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People Ex Rel. Mcguire v. Sympson

ILLINOIS APPELLATE COURT — FIFTH DISTRICT


JUNE 5, 1974.

THE PEOPLE EX REL. WILLIAM E. MCGUIRE ET AL., PETITIONERS-APPELLANTS,

v.

PAUL W. SYMPSON, WARDEN, ILLINOIS STATE PENITENTIARY AT MENARD, RESPONDENT-APPELLEE.

APPEAL from the Circuit Court of Randolph County; the Hon. CARL H. BECKER, Judge, presiding.

MR. JUSTICE CARTER DELIVERED THE OPINION OF THE COURT:

The defendants were each charged by criminal complaints in Menard County with two counts of burglary and one count of theft over $150. On December 22, 1972, they pled guilty to those offenses and were sentenced to serve 4 to 6 years in the penitentiary.

On May 30, 1973, the defendants filed pro se a petition for a writ of habeas corpus in the Circuit Court of Randolph County. The petition alleged that the trial court before which they had previously entered pleas of guilty had lacked jurisdiction to enter judgments against them because they had not waived their rights to grand jury indictments. The petition further alleged that the relators were indigent and requested appointment of counsel.

The trial court entered an order on June 5, 1973, granting leave to proceed in forma pauperis and then denied the petition on the grounds that it "* * * does not state a cause of action and is insufficient in law." No hearing was held and counsel was not appointed by the court.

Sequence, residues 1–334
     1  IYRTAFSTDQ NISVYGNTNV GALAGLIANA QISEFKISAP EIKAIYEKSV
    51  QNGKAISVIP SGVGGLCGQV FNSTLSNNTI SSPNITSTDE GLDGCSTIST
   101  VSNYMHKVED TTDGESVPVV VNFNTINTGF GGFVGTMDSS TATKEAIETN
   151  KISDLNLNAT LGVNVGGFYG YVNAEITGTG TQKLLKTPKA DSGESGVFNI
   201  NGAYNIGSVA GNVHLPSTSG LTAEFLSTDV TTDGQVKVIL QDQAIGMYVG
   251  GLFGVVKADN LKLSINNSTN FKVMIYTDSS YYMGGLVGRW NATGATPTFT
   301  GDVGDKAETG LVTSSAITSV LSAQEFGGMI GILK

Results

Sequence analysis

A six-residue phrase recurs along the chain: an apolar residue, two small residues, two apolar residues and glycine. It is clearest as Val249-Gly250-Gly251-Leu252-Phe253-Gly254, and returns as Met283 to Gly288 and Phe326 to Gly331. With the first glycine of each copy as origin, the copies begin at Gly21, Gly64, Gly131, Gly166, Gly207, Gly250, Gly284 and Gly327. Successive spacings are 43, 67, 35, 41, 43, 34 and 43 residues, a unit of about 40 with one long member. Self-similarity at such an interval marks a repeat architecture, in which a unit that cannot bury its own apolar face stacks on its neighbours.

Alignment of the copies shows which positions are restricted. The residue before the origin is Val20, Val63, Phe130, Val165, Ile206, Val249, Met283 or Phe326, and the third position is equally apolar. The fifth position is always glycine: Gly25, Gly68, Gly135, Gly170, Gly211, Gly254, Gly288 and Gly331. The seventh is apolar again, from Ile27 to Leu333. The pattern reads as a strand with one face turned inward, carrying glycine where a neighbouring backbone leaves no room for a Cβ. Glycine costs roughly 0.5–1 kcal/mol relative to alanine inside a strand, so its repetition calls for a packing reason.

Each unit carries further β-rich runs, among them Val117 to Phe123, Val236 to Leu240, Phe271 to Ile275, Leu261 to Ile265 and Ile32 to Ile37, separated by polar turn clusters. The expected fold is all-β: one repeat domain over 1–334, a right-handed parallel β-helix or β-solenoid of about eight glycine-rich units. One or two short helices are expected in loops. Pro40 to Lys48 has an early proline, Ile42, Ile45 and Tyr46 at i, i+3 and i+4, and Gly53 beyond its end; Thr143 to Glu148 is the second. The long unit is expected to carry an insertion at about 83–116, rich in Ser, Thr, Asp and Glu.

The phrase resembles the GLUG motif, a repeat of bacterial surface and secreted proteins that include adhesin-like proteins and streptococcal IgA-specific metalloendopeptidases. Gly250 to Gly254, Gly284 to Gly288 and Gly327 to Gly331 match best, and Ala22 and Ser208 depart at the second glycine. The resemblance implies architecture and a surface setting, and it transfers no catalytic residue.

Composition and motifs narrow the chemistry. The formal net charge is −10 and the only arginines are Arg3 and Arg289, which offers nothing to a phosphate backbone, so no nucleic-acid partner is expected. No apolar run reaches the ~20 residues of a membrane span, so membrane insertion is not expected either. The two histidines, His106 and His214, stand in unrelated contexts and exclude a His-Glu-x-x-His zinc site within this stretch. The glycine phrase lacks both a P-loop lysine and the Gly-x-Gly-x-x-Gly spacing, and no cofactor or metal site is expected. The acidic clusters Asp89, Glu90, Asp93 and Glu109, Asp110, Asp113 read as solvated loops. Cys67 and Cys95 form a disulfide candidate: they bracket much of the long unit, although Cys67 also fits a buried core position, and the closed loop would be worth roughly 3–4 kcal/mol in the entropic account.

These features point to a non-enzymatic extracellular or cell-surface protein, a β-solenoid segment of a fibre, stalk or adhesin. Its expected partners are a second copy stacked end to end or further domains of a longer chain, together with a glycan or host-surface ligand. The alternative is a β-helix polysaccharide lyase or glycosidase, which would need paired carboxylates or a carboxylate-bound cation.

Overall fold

• 1 The defendants' first argument, that the petition should have been construed as a request for post-conviction relief, lacks merit. The defendants were convicted in Menard County. The Post-Conviction Hearing Act provides that a proceeding "shall be commenced by filing with the clerk of the court in which the conviction took place a petition * * *." (Ill. Rev. Stat., ch. 38, sec. 122-1.) The Circuit Court of Randolph County did not have jurisdiction to grant post-conviction relief to the defendants.

• 2 The defendants' second point is that counsel should have been appointed to represent them for their habeas corpus petition. In People ex rel. Ross v. Ragen, 391 Ill. 419, the supreme court held that a defendant has no right to appointed counsel in a habeas corpus proceeding and stated:

"This being a case involving only the enforcement of relator's civil right of personal liberty, separate and distinct from the criminal proceeding in which punishment for a crime was imposed upon him, he is not in the position of an `accused' in a criminal prosecution. The court is neither authorized nor empowered to appoint counsel to appear for him."

This rule has also been consistently followed in the Federal courts and should be followed in this case.

• 3 The defendants' final contention is that the habeas corpus petition did raise a question of a jurisdictional nature. Habeas corpus relief is available after conviction was rendered by a court which lacked jurisdiction or where there has been some occurrence subsequent to the conviction which entitles the defendant to release. (People ex rel. Lewis v. Frye, 42 Ill.2d 58.) The defendants allegation is that there was a waiver of indictment but that the waiver was invalid. This does not raise a question of a jurisdictional nature. The mere allegation of a violation of Supreme Court Rule 401(b) presents neither a constitutional or jurisdictional question.

The dismissal of the habeas corpus petition by the Circuit Court of Randolph County is affirmed.

Judgment affirmed.

CREBS and EBERSPACHER, JJ., concur.

19740605

© 2002 VersusLaw Inc.



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